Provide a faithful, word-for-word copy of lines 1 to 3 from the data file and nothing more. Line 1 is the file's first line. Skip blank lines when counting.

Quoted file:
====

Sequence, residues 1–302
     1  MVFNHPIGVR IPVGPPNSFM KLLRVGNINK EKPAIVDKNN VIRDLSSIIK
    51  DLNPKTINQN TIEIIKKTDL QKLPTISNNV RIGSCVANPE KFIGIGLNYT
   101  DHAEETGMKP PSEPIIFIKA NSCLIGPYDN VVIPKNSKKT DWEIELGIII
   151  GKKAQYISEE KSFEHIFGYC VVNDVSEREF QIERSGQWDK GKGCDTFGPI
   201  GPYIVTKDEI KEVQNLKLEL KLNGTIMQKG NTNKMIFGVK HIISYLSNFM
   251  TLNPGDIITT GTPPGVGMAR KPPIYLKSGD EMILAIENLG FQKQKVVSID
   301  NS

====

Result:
Sequence, residues 1–302
     1  MVFNHPIGVR IPVGPPNSFM KLLRVGNINK EKPAIVDKNN VIRDLSSIIK
    51  DLNPKTINQN TIEIIKKTDL QKLPTISNNV RIGSCVANPE KFIGIGLNYT